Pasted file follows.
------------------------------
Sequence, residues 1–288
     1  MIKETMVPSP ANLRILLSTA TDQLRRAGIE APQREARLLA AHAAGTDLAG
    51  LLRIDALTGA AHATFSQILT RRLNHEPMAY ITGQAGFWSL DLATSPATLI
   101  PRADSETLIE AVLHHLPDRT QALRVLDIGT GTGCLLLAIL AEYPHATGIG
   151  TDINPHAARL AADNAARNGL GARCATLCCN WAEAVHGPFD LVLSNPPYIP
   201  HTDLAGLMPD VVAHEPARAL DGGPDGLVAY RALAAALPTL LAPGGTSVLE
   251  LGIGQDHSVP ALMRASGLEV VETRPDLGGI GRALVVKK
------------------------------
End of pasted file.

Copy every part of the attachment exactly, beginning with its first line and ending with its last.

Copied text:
Sequence, residues 1–288
     1  MIKETMVPSP ANLRILLSTA TDQLRRAGIE APQREARLLA AHAAGTDLAG
    51  LLRIDALTGA AHATFSQILT RRLNHEPMAY ITGQAGFWSL DLATSPATLI
   101  PRADSETLIE AVLHHLPDRT QALRVLDIGT GTGCLLLAIL AEYPHATGIG
   151  TDINPHAARL AADNAARNGL GARCATLCCN WAEAVHGPFD LVLSNPPYIP
   201  HTDLAGLMPD VVAHEPARAL DGGPDGLVAY RALAAALPTL LAPGGTSVLE
   251  LGIGQDHSVP ALMRASGLEV VETRPDLGGI GRALVVKK